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Archive for March 2011

March 16, 2011

DISCERNMENT RETREAT

YOU’RE INVITED

 Friday, March 25th - 7pm to 9pm
 Saturday, March 26th -  10am to 3:30pm

 DISCERNMENT RETREAT

 at

LADERA UCC, Portola Valley
(3300 Alpine Road)

Members and friends of FCC Redwood City will meet to pray and listen and discuss God’s call for this church.  We will be led by Ron Buford, of the national UCC, and Kim Smith-Nilsson, our Chaplain.  Join us as we review and build on some of the discernment work done in our most recent past and seek to discern our next best steps as a congregation.

Dessert will be offered on Friday evening and lunch will be provided on Saturday (as well as snacks throughout the day).  Please call the Church Office (650-369-0344) or write to Kathie at kfosgett@fccredwoodcity.org to let us know you will attend so we can plan ahead for food.  We are asking that people attend both sessions of the retreat since we will be building on our work together throughout the two days.  All adult members and friends are invited (including High School Youth.)

 What a gift to have this time together –

 We hope to see you there!

 

 Questions? Contact the Church Office (650-369-0344) or write Kim at

kimberlysn@sbcglobal.net

 Need a ride or want to carpool?

Call the Church Office at 650-369-0344 or write to kfosgett@fccredwoodcity.org.

 

ASH WEDNESDAY MESSAGE

The Gifts We Give

 

We learn a lot about ourselves during tough times, don’t we?  When we hit those patches of lilfe where we are reminded — again– of how little control we really have, we come face to face with choices that can define us.  

Sue Bender, the author of EVERYDAY SACRED and PLAIN AND SIMPLE,  tells the story of a group of women she met sometime after the Oakland hills fire in 1991.  They had gathered together to talk about their experiences, and they shared about all the things they had lost during the fire, things which they thought had defined their lives:  pictures, scrapbooks and mementos, diplomas, certificates — all of the little and big things that made up their history.

As they were talking, one person spoke about a particularly precious object she had had before the fire.  It was a piece of porcelain that she treasured.   She said that a friend had long admired it. One day, she decided that she wanted to give her beautiful piece of art to her friend.  She gave it away because though she loved it, she loved her friend even more, and it gave her great joy to share this special gift.  Later, after her home was destroyed and she lost everything she had, her friend returned with the gift, and gave it back.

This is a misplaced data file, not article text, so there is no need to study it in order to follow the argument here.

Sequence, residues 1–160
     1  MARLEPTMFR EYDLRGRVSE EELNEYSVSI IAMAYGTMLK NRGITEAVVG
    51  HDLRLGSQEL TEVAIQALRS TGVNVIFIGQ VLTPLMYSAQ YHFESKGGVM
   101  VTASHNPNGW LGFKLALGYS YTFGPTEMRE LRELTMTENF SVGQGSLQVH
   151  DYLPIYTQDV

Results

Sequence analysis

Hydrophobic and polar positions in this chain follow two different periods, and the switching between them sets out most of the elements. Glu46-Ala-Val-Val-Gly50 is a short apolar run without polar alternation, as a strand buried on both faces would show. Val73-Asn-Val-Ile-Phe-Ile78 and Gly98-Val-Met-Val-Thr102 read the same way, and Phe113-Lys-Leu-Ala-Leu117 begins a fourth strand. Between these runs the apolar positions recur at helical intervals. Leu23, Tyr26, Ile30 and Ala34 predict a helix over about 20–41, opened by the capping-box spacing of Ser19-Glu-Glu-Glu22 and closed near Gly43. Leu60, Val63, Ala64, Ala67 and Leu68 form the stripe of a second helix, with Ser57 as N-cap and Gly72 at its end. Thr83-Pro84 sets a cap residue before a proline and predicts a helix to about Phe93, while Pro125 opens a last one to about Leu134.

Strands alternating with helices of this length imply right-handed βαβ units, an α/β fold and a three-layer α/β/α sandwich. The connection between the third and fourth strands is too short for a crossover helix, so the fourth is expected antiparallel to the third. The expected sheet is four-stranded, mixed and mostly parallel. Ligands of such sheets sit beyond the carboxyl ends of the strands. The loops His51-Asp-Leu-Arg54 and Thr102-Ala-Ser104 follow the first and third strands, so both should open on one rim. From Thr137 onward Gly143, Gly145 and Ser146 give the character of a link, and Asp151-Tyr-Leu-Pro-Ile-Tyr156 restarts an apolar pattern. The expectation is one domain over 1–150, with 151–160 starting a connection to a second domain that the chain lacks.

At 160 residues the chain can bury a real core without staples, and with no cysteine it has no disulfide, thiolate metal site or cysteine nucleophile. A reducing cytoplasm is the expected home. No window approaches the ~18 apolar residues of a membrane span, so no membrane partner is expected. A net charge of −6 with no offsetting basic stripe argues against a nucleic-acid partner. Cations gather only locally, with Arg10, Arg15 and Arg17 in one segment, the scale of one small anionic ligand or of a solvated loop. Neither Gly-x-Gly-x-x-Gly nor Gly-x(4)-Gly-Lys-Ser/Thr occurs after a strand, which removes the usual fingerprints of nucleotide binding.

Another woman in the same group told them that before the fire, she only gave away things that she didn’t like — gifts she’d received which didn’t fit or match her style, objects with unpleasant memories attached, or things that didn’t mean much to her.  After the fire, when she, too, was left with absolutely nothing at all, these were the same things that people brought back to her.

 Jesus said in Matthew 6:

“Don’t hoard treasure down here where it gets eaten by moths and corroded by rust or—   worse!—stolen by burglars. Stockpile treasure in heaven, where it’s safe from moth and rust and burglars. It’s obvious, isn’t it? The place where your treasure is,  is the place you will most want to be, and end up being.”

 Where is your treasure?  What are the things you value most in your life — and how do you share them?  I don’t think Jesus was talking exclusively about stuff or money, although he was certainly including those things.  I think he was going deeper than that, asking us to discern our dearest values and our most precious beliefs.  I think he was inviting us to look at our lives through the clarifying lens of love, and asking us to be honest about what we are putting out there in the world.  Are we offering the world the best of who we are?  Or are we putting out there only the things that are easy to give, asking little of ourselves? 

Sometimes tough times make it easier to see ourselves as we really are, or to learn something new about ourselves.  But we don’t need to wait for a fire or an illness or a loss — we can start each day praying for the grace to be truer, more generous, more compassionate, more loving.  Because if those are the gifts we treasure, those are gifts that we will give. And ultimately, those are the things that will shape our lives — and our world. 

 Thanks be to God.